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With Sierra Peterson

Navigate Your Raise Like a Boss

Fundraising is so much more than just, “hey, let’s get an investor.” It’s a two-way exchange: investors are making sure your company is worth investing in, and you should be making sure the investor is a good long-term partner. As you embark on your raise and navigate the process, there are several keys to getting the outcomes you want.

In order to understand the nitty gritty of what to do (and what not to do), we sat down with Sierra Peterson. Sierra is one of two co-founding partners at Voyager Ventures. Voyager invests in early-stage climate technology companies in North America and Europe.

Focus on Getting the Right Partner, Not Just a Partner

The goal of a successful fundraise isn’t just capital, it’s getting a real partner who aligns with your vision, business stage, and value add. Think through who is going to be helpful to you between now and the next raise, and who will set your company up for true long-term success. For early stage investment, you’ll have 5+ years of collaboration with this team.

The investor that arrives first with a term sheet may not be the most helpful in getting you to commercialization fastest or getting you the best Series A outcome. Come to the conversation with a very clear sense of the milestones you’ve identified as the North Star for this allocation of funding. Be very crisp and clear in your vision and purpose for this specific use of proceeds, and your goals and targets, in addition to the overall opportunity set. This will inform the dialogue and guide both sides on what diligence needs to be done to reach alignment.

Get ready, get ready, get ready (and save everyone a lot of time)

Before you start fundraising, seek out speaking and publishing opportunities. For example, if you publish your thesis on how to build a business in direct air capture, investors will read it and get a sense of you and your thinking, outside the context of a transaction. These reputational proof points will help build interest in what you’re doing, so the conversation doesn’t start cold.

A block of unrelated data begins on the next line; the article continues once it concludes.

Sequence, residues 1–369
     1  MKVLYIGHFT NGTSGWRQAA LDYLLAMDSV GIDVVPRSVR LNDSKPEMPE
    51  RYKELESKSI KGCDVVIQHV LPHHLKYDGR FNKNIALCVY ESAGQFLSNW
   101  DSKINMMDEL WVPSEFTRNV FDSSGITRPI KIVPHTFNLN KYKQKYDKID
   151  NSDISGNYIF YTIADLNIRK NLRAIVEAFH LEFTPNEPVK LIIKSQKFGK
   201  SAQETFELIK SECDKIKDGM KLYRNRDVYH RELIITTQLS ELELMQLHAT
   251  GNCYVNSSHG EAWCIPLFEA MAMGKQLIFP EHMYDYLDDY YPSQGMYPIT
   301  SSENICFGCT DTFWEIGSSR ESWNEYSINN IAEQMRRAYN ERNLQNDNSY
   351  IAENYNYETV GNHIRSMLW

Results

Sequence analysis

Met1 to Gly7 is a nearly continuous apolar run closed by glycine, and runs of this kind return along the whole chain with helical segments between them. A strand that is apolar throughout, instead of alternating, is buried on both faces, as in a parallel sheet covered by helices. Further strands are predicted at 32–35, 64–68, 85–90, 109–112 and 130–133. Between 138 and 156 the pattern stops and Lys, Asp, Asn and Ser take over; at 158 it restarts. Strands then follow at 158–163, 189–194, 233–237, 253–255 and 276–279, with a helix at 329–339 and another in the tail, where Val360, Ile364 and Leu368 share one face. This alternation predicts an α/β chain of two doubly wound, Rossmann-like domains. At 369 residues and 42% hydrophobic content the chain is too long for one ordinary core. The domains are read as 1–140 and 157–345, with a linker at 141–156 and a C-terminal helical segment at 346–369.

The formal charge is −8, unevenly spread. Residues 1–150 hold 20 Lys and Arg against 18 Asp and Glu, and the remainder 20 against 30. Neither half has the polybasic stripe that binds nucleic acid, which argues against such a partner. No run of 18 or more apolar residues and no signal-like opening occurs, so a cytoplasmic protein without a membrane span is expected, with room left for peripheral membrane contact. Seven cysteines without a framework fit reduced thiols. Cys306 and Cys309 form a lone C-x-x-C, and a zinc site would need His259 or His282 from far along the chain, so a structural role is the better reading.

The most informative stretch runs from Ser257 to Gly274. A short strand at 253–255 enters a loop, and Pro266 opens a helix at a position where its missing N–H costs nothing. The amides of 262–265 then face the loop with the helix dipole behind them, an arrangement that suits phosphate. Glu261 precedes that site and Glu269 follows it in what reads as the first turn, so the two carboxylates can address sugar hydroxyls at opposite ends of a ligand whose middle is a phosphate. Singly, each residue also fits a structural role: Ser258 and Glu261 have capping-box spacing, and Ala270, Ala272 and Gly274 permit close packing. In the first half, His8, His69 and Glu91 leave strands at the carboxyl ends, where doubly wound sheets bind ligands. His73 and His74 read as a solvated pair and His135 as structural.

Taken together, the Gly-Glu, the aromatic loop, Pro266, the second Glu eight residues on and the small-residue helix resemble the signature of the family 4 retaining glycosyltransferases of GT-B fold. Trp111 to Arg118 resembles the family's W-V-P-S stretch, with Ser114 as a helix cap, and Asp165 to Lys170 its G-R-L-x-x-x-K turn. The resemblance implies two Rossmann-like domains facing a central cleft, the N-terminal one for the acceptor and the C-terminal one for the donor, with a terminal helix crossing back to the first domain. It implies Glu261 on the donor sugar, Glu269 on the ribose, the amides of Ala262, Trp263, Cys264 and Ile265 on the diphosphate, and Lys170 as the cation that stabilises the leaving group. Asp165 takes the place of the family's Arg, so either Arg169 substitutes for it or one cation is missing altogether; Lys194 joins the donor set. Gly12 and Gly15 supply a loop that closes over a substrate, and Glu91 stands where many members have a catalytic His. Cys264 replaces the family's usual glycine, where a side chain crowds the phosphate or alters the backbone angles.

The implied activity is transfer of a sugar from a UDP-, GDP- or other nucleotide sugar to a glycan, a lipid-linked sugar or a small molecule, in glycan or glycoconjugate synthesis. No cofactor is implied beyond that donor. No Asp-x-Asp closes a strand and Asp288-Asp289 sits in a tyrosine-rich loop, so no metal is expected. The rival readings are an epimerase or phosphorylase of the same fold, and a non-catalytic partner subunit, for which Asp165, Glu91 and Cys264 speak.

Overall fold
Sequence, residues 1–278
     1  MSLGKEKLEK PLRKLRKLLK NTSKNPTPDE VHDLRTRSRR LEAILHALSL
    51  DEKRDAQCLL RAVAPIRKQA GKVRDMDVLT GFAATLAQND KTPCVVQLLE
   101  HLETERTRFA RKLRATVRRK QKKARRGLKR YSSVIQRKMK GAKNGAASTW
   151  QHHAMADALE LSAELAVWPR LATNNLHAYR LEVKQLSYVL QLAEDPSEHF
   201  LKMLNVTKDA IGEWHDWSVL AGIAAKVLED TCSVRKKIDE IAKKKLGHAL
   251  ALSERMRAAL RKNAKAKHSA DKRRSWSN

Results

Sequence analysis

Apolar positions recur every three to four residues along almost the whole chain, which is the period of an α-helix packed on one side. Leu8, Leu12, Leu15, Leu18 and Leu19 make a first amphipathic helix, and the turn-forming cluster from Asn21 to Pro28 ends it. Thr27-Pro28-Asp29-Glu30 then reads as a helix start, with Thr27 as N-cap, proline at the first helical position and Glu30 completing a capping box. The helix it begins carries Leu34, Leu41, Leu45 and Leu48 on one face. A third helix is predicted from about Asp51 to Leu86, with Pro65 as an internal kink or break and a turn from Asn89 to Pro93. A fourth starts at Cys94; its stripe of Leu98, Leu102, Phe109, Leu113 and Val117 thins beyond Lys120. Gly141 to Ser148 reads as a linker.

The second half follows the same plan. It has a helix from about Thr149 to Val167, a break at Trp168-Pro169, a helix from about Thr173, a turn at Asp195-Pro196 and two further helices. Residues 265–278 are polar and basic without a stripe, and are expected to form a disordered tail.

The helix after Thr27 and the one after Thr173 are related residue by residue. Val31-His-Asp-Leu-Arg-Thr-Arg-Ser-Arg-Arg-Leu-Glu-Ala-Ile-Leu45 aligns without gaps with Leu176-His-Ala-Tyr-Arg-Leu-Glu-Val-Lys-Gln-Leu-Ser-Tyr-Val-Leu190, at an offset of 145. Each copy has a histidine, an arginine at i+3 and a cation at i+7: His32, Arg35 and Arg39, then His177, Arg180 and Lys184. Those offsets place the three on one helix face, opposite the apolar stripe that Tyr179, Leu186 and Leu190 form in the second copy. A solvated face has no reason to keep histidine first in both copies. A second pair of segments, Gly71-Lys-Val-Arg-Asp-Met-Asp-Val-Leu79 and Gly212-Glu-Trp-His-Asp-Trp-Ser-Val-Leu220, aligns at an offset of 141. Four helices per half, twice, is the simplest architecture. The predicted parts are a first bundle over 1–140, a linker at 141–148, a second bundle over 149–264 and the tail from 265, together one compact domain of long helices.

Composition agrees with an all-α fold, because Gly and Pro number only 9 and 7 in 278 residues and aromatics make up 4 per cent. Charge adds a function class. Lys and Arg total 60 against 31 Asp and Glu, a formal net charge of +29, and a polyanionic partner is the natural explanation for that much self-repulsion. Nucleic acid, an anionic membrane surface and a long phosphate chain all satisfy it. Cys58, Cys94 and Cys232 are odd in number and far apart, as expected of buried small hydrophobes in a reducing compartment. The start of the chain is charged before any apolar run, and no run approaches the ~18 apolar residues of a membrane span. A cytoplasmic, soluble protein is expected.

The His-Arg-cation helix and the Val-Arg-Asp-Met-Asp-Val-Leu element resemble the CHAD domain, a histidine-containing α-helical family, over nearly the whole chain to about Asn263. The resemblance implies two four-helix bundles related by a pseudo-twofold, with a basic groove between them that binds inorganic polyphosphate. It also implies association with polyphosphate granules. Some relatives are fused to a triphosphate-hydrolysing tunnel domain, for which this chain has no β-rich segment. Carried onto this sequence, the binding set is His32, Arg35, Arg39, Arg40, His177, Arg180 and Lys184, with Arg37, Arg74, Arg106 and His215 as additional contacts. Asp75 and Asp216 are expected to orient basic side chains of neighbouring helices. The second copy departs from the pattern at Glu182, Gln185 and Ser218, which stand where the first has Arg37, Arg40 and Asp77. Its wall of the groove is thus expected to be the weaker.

Once you have your raise in sight, make sure your pitch deck and data room are ready to go, and have your references lined up. Beyond the standard list, expect that any mutual contacts will get a call. Investors will likely reach out to people who aren’t official references. If you had a prior startup or a role with another company, they’ll get a call.

For software startups, diligence will include customer references, deep dives into operational metrics, and scenario analysis around growth and performance. Make sure you provide the relevant data to make the job easier for your prospective investors.

For deep tech, investors will need to understand the defensibility of the technology itself. If a founder claims they can somehow escape gravity, this is a red flag. Deep tech founders benefit from showing up with the names of experts who can help validate the specific approach. Investors will frequently look through the papers referenced by the founding team to find the experts who are most cited, and will call them and potentially hire them as outside consultants. Be ready to field questions from global experts who are interested in this technology.

Come prepared with a strong pro-forma, but remember that these are estimates, not forecasts. Estimates help potential investors to see that your team is capable of thinking big, and executing backward from a plan. Give them detail on what the future looks like and how that translates back to the amount you’re raising now. This will enable a fairly swift diligence process by helping investors to focus on the right things.

Last but not least, if your business is capital intensive, make sure you clearly understand your fundraising journey for the foreseeable future.  Often VCs conflate "capital intensity" with dilutive/equity capital needs, so do this homework for them. Make it clear that you understand the different dilutive and non-dilutive capital sources available to you, how they align with spend, and what your likely timeline is for raising additional funds.  Line up your key milestones with your fundraising strategy - for example, if you’re building new hardware, align technology readiness with distinct sources of capital. This is essential in these early stage conversations with high tech founders.